I spent several days off and on developing a full-length one-piece tuning plate mod for my SnP horizontal...lots of temp testing and adjustments to the tuning plate to get it pretty even end to end and front to back...the drawback was that it used 2-1/2 times more fuel than it should have, so I didn't use it much, and broke it down a year or so later...oh, well...good experience, anyway. But that's an extreme situation which I would not advise anyone to do...lots of patience and time are required.
    Ha-ha! No worries, I knew what you meant when you said offset.

    Crap! I just read back on your planned time for this. Two more days to prep...three at the most...ah, not so bad. Hope I didn't confuse the daylights out of you here...if I did, don't sweat it. If something's not 100% clear, let me know. I'll be home on Wednesday (25th) and close to the computer, so I will around to assist you if need be, as will the hundreds of others here who can walk you through things. I will be on my blackberry after that during the day (home PC at night), but can still post, just not very often while I'm at work...just in case...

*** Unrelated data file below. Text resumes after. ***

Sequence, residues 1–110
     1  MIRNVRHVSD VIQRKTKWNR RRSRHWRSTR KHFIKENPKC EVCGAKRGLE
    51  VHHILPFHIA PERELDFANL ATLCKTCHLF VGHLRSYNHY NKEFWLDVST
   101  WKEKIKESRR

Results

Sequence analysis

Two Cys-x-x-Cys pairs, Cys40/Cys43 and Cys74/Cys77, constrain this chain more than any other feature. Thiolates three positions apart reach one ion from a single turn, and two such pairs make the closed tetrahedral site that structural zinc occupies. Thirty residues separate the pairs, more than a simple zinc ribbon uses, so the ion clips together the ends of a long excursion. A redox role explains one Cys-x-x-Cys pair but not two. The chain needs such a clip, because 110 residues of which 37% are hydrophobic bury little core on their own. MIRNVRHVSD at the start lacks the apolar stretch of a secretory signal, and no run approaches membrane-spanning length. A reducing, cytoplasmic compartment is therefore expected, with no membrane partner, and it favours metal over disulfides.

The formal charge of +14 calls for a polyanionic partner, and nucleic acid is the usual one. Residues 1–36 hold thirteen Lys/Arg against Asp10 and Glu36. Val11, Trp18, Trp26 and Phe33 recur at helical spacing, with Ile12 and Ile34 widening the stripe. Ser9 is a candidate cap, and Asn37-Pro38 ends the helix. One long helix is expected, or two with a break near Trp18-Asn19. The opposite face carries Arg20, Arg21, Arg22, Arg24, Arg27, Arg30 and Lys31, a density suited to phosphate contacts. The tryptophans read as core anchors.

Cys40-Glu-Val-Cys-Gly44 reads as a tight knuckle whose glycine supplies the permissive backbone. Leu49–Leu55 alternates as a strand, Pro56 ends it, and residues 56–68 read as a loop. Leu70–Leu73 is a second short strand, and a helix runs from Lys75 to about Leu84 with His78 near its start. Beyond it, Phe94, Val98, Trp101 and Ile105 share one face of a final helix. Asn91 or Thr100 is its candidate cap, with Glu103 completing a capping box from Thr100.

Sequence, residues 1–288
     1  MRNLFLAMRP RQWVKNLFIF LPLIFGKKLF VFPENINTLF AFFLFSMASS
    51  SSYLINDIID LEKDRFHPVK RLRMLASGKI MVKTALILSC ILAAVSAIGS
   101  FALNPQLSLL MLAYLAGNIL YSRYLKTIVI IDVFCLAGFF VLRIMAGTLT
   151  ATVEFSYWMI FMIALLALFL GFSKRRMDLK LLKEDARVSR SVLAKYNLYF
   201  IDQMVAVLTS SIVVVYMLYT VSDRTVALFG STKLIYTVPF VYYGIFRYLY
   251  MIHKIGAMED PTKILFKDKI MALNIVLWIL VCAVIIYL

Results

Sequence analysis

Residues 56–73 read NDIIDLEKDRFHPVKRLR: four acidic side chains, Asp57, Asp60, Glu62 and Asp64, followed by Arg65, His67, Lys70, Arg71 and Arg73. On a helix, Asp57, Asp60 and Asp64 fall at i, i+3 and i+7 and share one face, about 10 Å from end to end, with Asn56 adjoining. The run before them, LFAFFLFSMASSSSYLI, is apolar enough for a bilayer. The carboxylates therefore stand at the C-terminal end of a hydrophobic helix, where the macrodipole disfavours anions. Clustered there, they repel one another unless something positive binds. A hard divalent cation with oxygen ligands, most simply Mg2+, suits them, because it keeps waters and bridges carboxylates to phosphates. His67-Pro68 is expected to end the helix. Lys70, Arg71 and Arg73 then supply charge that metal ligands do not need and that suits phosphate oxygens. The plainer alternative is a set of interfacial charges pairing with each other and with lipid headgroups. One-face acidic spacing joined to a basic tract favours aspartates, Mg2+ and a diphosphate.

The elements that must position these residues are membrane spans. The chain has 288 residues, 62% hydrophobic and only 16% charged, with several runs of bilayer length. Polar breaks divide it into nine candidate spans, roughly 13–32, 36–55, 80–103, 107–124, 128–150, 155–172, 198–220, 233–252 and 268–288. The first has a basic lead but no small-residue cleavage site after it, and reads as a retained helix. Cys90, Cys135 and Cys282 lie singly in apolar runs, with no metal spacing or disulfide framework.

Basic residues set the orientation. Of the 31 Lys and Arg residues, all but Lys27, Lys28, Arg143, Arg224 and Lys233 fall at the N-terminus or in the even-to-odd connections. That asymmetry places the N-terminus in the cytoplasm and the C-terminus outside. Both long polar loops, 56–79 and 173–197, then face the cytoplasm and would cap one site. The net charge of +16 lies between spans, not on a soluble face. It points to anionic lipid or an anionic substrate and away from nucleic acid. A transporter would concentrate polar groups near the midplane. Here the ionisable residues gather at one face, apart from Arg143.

I think I got all my thoughts out, if not I'll be back again. It does sound like one fun little project, well, little for me I guess, but BIG for you..LOL!!!

    Don't sweat the questions, either...we're all here to learn and/or help each other to learn...that's why I call it a family here, because we help each other.

    Remember to breathe when you feel like it's becoming too much, or it' seems it's getting over your head...been there, trust me...keep a clear head, and you'll do just fine.

    Have a great smoke!

    Last edited: Apr 24, 2012